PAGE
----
By Ryan Randazzo and Riley Murdock | Arizona Republic
The temperature was forecast to hit 103 degrees in the city of Maricopa on Friday, but in the morning Terah Hamilton’s electric company told her they would shut her off anyhow, despite the fact that many other utilities in the state are now prohibited from doing that.
Utility regulators in Arizona on Thursday took an emergency action to stop electric companies like Arizona Public Service and Tucson Electric Power from shutting off customers for nonpayment until Oct. 15. Not all Arizonans are protected, though.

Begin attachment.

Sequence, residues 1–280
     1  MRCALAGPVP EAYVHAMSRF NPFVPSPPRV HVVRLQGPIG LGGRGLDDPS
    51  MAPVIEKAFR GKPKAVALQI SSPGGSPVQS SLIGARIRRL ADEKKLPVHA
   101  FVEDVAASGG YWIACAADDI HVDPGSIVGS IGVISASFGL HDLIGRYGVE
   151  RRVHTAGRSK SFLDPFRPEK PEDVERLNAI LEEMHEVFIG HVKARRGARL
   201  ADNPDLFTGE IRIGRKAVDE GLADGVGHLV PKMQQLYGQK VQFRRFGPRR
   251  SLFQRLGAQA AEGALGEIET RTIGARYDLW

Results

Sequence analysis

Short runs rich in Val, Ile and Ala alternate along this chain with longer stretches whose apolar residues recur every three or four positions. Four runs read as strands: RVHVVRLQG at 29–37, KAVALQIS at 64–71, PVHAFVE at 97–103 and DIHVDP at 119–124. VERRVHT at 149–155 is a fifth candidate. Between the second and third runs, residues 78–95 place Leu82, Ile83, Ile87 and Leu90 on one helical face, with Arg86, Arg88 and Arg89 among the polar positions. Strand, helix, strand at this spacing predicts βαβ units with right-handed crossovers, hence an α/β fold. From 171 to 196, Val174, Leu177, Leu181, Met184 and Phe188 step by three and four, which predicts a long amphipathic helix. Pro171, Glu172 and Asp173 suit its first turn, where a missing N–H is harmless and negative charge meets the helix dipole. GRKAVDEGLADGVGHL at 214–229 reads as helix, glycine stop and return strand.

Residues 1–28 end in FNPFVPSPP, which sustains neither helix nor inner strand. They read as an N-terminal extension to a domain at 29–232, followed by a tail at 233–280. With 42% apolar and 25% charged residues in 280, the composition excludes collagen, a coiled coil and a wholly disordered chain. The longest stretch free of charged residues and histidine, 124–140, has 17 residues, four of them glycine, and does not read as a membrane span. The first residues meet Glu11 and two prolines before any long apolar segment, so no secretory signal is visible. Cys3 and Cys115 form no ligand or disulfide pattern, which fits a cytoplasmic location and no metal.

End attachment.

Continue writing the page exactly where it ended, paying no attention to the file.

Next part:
The policy change allows customers to keep their air conditioners and other appliances running during the hot months, then gives them four months to pay off their bad debt once the shut-off moratorium ends.
Regulators were spurred to action by news that a 72-year-old Sun City West woman died last year in part from heat exposure in her own home after Arizona Public Service Co. shut off her power for nonpayment.